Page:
Arne Carlsen has been director of the UNESCO Institute for Lifelong Learning (UIL) since 2011. He has pursued a double career, teaching both in adult education and at the university level. He has worked in prison education, education for political refugees, education for the unemployed and general education for adults. After a period as a teacher in a folk high school in Denmark, he became secretary-general of the Nordic Folk High School Council. In the 1990s, he was director at the Nordic Folk Academy in Sweden, training leaders and teachers in adult education from the five Nordic and the three Baltic countries.
Before coming to UIL, he was first a researcher at the Danish National Institute for Educational Research, then was vice-rector for education at the Danish University of Education, and finally was the international director at the Danish School of Education, Aarhus University. He was previously responsible for Denmark's studies in the Progress in International Reading Literacy Study (PIRLS) and the Trends in International Mathematics and Science Study (TIMSS). He was founding chair of the ASEM Education and Research Hub for Lifelong Learning — a network of 40 universities from Asian and European countries. He has been executive director of the International Alliance of Leading Education Institutes (IALEI) — a global think tank in education policy — and manager of the Erasmus Mundus Joint European Masters Programme in Lifelong Learning for Policy and Management.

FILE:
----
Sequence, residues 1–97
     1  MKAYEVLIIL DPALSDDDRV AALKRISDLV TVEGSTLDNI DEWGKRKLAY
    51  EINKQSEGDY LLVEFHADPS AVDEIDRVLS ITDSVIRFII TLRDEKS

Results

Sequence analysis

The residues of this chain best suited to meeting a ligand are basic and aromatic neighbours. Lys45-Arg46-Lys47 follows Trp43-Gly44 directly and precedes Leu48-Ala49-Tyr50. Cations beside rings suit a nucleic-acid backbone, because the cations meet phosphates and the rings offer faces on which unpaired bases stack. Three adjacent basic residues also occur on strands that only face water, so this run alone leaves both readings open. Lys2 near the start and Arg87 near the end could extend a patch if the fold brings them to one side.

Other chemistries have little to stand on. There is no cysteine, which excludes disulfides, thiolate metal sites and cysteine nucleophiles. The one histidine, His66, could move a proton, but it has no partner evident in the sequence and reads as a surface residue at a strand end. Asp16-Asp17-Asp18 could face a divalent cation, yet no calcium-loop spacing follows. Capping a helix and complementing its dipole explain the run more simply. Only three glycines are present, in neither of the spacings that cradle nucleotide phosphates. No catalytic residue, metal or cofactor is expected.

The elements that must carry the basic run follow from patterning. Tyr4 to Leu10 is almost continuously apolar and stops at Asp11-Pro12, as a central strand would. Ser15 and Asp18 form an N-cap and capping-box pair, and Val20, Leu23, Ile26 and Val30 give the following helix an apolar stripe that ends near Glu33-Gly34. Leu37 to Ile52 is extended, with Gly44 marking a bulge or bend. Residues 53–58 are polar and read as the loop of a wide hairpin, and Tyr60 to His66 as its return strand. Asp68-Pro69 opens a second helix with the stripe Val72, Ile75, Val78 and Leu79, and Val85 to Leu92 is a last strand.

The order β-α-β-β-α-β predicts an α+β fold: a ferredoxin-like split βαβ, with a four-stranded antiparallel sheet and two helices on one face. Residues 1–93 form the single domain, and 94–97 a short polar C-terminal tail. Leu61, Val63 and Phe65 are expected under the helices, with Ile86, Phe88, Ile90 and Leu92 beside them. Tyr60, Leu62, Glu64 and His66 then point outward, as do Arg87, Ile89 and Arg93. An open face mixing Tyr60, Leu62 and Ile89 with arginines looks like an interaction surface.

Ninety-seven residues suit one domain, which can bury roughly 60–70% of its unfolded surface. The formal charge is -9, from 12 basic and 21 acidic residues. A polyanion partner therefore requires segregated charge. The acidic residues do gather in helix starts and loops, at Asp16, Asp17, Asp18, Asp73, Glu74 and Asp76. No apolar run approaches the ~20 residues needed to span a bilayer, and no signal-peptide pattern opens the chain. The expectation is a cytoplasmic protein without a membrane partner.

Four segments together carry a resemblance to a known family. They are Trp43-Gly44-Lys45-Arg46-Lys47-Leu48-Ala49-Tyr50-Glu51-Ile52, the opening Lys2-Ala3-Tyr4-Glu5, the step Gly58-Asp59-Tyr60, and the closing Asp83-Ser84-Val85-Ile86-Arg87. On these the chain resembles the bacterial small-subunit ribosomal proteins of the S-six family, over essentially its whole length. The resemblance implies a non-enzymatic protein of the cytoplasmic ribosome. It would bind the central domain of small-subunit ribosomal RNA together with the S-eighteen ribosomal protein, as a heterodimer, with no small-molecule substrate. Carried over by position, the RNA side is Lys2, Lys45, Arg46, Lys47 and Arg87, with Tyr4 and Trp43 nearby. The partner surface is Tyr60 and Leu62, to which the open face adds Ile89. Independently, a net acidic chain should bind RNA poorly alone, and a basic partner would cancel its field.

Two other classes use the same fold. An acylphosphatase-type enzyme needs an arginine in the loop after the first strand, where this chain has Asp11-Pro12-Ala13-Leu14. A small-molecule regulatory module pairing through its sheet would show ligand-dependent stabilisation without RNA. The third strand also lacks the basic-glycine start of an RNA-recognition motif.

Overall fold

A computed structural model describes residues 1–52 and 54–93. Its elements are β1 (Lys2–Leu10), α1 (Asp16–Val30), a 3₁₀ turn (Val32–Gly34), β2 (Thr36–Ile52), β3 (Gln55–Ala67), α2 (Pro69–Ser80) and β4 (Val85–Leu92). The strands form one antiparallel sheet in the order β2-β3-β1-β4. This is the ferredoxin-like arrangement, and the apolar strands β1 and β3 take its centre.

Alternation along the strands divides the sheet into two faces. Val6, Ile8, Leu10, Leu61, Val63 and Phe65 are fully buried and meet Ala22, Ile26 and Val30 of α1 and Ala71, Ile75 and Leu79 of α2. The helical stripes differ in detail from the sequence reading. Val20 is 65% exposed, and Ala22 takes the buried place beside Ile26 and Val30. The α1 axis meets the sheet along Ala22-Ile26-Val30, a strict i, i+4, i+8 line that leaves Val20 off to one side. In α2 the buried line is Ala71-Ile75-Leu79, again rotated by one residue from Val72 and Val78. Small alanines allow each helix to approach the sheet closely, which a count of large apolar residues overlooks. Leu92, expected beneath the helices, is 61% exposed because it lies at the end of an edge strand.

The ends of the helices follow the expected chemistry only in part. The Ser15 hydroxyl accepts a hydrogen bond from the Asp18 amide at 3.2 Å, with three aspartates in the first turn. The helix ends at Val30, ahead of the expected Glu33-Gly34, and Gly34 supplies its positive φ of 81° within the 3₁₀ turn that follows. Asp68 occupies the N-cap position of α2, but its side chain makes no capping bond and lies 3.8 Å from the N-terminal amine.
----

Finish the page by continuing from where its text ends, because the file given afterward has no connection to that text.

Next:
He is chairman of the editorial board of the International Review of Education — Journal of Lifelong Learning and is on the advisory board for the Education for All Global Monitoring Report. He has been a visiting professor at universities in China, Malaysia, Romania, Lithuania, and Germany. He is an honorary professor at research institutions in Russia, India, and Hungary and holds honorary doctorates in Vietnam and Latvia.
Matthias von Davier is a research director at ETS, an honorary senior research fellow at the University of Oxford and the editor of the British Journal of Mathematical and Statistical Psychology. He received the ETS Research Scientist Award in 2006 and the Bradley Hanson Award for Contributions to Educational Measurement in 2012. His research interests are item response theory (including extended Rasch models as well as mixture distribution models for item response data), latent structure models, diagnostic classification models, computational statistics, and research on advanced psychometric methods for international large-scale surveys of educational outcomes.
He received his Ph.D., specializing in psychometric methods, from the University of Kiel in Germany in 1996.
Charles Fadel is a global education thought leader, expert, and inventor. He is the founder and chairman of the Center for Curriculum Redesign. He is also a visiting scholar for Harvard's Graduate School of Education, the Massachusetts Institute of Technology's Experimental Study Group, and the University of Pennsylvania's Chief Learning Officer program; co-author of the best-selling book 21st Century Skills; founder and president of the Fondation Helvetica Educatio (Geneva, Switzerland); senior fellow, human capital at The Conference Board; senior fellow at P21.org; board member of Innovate+Educate; and angel investor with Beacon Angels. He has worked with education systems and institutions in more than 30 countries. He was formerly global education lead at Cisco Systems. He holds a BSEE, an MBA, and five patents.